Monday, March 29, 2010

Jesus and Fire Dog

Mister has his own room, but prefers “chumber” parties with the sisters. In his room there is a custom-Papi-made Fire Truck bed, complete with working lights and a steering wheel. Papi delivered the Red and White behemoth the week Peanut was born. It had to be assembled in Mister’s room and faces the door (which no longer opens all the way) posed and ready for duty. For weeks Mister would fall asleep with outstretched arms, hands tightly gripping the steering wheel. The fire bed was coveted real estate until Peanut moved upstairs. Suddenly the party was next door and Mister was not to be left out. And so he claimed the top bunk and the “chumber” party became standard sleeping arrangement. Except for naptime. When the big kids require naps, all must sleep separately, lest the otherwise napping babe stand at the rail to smile and trade a volley of dinosaur noises with the giggling preschoolers. Sis appreciates a little time alone in the guest room. It helps that the spare room is full of all the big kid’s choke-y toys. Sometimes it sounds as if she is playing dollhouse in her sleep. Or dreaming of dressing paper dolls. Every once in a while I hear the pitter-patter of sleepwalking.

But the mention of naptime brings tears and protest from the son. Immediately his saddest-thing-I-ever-heard face hijacks his beautiful smile and a steady string of whiney notes dribble from his lip. Paramount is his protest against being alone. “I don’t like to be by myself. I will be so sad. I will be so lonely.” I tuck him in anyway and remind him that God is always with him.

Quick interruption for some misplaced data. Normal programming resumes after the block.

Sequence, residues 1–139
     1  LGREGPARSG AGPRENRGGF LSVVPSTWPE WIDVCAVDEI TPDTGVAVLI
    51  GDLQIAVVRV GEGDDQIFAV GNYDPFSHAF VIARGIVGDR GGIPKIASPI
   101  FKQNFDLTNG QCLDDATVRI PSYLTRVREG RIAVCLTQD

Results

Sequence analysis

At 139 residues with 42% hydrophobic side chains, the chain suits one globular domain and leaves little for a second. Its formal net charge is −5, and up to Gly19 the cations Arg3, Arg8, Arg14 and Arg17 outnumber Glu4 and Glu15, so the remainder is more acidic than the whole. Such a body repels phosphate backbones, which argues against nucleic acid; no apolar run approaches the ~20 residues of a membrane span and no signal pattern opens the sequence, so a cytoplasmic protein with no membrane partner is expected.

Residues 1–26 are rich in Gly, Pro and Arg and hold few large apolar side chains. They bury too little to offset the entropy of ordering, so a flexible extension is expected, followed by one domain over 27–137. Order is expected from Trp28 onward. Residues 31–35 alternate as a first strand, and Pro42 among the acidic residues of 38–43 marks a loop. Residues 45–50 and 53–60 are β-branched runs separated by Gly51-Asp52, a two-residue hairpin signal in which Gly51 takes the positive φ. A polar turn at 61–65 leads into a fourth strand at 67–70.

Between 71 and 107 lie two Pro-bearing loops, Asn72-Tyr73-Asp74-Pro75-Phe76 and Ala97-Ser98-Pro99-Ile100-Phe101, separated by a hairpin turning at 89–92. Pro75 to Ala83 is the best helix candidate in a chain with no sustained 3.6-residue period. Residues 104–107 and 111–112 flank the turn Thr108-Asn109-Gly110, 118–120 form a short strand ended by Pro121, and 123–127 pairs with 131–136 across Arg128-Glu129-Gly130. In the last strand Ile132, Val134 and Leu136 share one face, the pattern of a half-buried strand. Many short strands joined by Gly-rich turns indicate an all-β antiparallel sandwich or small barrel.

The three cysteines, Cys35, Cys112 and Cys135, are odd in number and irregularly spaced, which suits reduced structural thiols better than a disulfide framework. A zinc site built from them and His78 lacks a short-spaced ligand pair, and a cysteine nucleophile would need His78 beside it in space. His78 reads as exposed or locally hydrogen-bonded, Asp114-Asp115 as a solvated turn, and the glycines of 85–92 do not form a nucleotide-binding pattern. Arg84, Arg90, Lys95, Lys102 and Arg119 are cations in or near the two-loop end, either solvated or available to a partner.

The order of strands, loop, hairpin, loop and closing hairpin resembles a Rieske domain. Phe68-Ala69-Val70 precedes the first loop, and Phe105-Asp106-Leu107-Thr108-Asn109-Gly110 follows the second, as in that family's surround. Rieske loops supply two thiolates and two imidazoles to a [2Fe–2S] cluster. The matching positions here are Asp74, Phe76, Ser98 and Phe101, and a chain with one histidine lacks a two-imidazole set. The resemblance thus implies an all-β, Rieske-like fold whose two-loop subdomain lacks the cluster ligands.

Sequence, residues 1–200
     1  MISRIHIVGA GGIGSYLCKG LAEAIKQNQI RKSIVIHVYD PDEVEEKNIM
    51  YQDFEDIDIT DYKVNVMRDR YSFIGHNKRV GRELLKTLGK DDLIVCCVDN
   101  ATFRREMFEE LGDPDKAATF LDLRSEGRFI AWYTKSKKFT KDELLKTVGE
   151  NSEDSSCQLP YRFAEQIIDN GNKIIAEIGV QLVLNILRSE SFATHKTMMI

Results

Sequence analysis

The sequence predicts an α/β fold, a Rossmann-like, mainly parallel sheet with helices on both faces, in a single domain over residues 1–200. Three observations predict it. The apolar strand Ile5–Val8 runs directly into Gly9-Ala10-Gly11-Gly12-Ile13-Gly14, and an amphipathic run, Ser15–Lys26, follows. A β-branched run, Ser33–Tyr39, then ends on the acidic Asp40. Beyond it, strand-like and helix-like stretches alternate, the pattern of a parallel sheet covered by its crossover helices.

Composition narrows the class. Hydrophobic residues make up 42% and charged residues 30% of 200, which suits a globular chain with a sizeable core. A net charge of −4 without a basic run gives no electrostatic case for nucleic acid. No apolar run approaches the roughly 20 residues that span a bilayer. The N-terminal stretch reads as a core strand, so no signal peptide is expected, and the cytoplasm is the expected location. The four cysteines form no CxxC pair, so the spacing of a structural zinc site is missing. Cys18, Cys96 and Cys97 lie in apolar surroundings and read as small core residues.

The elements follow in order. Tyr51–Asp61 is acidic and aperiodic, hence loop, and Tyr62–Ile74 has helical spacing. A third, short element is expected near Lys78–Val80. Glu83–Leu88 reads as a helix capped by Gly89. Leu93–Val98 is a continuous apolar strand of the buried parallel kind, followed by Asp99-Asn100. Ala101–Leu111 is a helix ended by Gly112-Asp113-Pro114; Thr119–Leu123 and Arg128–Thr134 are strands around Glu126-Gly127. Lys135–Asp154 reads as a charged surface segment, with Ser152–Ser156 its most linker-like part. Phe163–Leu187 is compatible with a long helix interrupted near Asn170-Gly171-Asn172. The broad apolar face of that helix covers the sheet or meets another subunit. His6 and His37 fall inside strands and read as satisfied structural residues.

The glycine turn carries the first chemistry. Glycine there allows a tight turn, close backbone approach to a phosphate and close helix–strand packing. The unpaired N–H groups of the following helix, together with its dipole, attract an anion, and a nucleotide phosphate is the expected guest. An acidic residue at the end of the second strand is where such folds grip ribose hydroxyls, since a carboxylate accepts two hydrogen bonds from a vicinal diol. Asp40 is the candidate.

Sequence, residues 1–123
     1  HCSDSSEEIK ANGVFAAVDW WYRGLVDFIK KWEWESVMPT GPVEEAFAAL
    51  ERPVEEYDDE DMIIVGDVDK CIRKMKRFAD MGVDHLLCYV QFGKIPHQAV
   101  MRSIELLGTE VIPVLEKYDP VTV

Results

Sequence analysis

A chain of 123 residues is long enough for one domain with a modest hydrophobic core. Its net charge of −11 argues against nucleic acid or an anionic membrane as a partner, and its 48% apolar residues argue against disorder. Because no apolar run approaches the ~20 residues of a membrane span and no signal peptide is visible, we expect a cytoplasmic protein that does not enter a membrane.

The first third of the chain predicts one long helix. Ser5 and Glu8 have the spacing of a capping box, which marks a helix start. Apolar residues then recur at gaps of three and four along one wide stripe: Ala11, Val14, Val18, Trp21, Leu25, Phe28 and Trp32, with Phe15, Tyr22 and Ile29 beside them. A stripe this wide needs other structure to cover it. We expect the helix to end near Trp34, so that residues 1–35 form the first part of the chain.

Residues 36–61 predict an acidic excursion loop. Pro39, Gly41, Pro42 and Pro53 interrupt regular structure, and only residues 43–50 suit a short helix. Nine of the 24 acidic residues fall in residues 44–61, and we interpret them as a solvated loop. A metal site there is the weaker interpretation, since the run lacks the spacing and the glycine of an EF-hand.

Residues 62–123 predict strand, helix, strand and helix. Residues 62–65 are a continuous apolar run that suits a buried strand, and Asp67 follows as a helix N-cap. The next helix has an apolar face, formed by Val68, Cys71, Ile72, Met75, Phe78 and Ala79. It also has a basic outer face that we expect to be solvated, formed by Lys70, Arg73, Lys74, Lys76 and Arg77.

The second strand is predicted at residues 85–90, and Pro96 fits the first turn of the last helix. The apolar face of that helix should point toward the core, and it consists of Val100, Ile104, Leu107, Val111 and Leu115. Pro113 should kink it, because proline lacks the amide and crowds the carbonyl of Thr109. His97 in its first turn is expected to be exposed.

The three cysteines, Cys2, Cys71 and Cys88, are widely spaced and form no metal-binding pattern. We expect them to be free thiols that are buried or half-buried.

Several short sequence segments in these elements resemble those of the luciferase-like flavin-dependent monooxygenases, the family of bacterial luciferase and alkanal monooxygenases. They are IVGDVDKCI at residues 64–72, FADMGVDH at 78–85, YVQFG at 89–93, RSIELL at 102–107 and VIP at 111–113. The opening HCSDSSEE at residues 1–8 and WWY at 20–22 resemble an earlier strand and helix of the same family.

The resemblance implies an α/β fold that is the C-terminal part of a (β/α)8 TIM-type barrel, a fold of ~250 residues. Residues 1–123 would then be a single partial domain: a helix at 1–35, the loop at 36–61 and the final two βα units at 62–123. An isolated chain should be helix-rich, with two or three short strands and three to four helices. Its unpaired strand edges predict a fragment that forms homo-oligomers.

Sniffles and growth spurs have precipitated more frequent napping lately and Mister has gotten wise to my rebuttal. On Thursday, as I leaned in to kiss his pouting lip, he blinked his curly lashes and told me, “But Jesus and I will be so sad.” Turns out he finds his spiritual company lacking. In fact, he has been describing the presence of God in many of his stories these days. Stories of sunny skies and victories usually involve “Jesus and I” doing this or that. But retellings about the dark of night and the lurking mongoose begin with a significant character omission. “Last night when there was “flashes” (lightning) and I was so scared and Jesus wasn’t with me . . .” God gets credit for the good, but feels absent in times of trouble.

And I ponder the perspective of my little old soul. And his feelings about the things that go bump. And his honest disappointment with God for not looming larger with a sword to vanquish. In his short years there has been at least one defining moment when he needed rescue and it did not come. My prayers for a son were answered. His birth mother’s prayer for a surrogate were answered. But his prayer appeared to meet the ceiling of an unfamiliar room in an orphanage and dissipate, the water spots on the ceiling left from tears rising, not the steady rain seeping in.

I love this boy and I love the God of healing who is working in our family, tenderly walking with us even when we don’t feel his presence or find the rescue we had reached out for. So I tuck him in. Promise that God is worthy of his trust. And Sis, who is always listening adds from across the hall, “Don’t forget you also have Fire Dog!” Fire Dog joined our family shortly after Mister; chosen after a stranger at the arcade bestowed a small fortune of tickets into the laps of my children, who stood on tiptoe to stuff them, wide-eyed with frenzied greed into the counting machine. Sis squandered her half on shiny princess plastic. But Mister, after careful survey chose Fire Dog, a soft Dalmatian that fits just right under his arm to snuggle against his chest while he sleeps. And he sleeps deeply. He always has. In the arms of Jesus and Fire Dog, the God who he is unsure of and the gift of a stranger, who quite possibly could have been acting as his proxy to deliver real, tangible comfort to a little boy.

“I will lie down and sleep in peace, for you alone, O Lord, make me dwell in safety.” Psalm 4:8

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